As a United States citizen or lawful, permanent resident, you may be able to help sponsor a family member for entry into the country with a green card. If you’re looking to sponsor a family member’s visa for entry into the United States, you’ll want to keep reading, as the following blog explores the steps you must take to complete this process. Additionally, you’ll learn why it’s in your best interest to connect with a New York City family immigration lawyer for this complex process.
What Kind of Relative Visas Are There?
If you wish to help a family member apply for a green card, it’s important to understand there are two categories – immediate relatives and family preference visa.
Immediate relatives include the close family members of citizens. Children under 21 who are unmarried are eligible for an IR2 visa, while parents are eligible for an IR5. Spouses can apply for an IR1 or CR1, while fiances will file for a K-1.
Additionally, family members who aren’t immediate family members may be able to obtain a visa if they fall into the correct category. Because they aren’t immediate family, they must apply for a family preference visa. However, there are a limited number of these visas awarded per year, so an application does not mean one will automatically be approved.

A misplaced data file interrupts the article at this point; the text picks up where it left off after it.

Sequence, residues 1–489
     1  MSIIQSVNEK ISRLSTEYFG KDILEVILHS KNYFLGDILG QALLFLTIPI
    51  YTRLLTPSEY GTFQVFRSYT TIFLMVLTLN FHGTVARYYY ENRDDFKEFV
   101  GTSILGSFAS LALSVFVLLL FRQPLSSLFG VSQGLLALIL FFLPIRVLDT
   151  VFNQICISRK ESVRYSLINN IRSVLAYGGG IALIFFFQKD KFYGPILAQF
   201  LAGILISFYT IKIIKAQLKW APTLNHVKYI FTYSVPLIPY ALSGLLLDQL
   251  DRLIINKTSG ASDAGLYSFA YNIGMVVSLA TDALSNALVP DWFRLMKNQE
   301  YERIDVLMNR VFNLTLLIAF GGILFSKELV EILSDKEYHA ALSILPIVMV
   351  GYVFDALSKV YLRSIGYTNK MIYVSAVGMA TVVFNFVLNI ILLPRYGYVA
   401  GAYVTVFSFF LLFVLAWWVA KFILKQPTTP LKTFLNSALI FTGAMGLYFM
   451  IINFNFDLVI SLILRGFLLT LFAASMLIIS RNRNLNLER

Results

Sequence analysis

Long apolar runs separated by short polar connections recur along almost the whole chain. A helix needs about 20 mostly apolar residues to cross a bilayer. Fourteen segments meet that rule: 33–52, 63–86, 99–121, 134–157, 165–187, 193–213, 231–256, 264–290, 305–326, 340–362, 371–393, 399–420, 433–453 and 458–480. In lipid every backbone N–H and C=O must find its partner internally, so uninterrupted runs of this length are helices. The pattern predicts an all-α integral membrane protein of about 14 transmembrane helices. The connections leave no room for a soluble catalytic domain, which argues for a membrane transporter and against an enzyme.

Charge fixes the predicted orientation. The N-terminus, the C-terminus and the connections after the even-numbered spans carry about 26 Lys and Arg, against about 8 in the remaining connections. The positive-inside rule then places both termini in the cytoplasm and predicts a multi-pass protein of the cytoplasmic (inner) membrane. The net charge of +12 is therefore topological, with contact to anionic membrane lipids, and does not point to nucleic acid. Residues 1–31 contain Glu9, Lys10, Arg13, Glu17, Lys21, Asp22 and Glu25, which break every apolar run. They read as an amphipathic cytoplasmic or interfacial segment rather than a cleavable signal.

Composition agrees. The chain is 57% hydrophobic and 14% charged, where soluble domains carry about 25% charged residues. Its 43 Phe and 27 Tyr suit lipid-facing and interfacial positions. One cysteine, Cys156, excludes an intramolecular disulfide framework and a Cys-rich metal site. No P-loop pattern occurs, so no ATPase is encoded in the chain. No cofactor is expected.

Family members of United States citizens who qualify for a family-preference visa include unmarried children over 21, married children, and siblings. If the sponsor is a green card holder, relatives eligible for a visa include unmarried children under 21, unmarried children over 21, and spouses.
What Are the Steps I Must Take to File for a Family Member’s Visa?
To sponsor a family member, you must first submit a Form I-130, Petition for Alien Relative. This is necessary to help establish a relationship between you and the family member you wish to sponsor. The steps for this process will vary depending on where your family member is. If they are currently in the United States on a different visa, they can file a form I-485, Application to Register Permanent Residence or Adjust Status. If they are outside of the United States, they must wait until the United States Customs and Immigration Services (USICS) approves the petition, at which point, they will assign the relative a visa number so they can continue the visa application process in their country.
As you can see, this process can be incredibly overwhelming, especially if you are unfamiliar with how to proceed. At the Law Office of Jason A. Dennis, our team understands the different facets of immigration law, so we can help you navigate this process. Aside from helping you complete the paperwork and answering any questions you have, if complications arise during the process, our team will work to fight for you. Contact us today to learn how we can best assist you.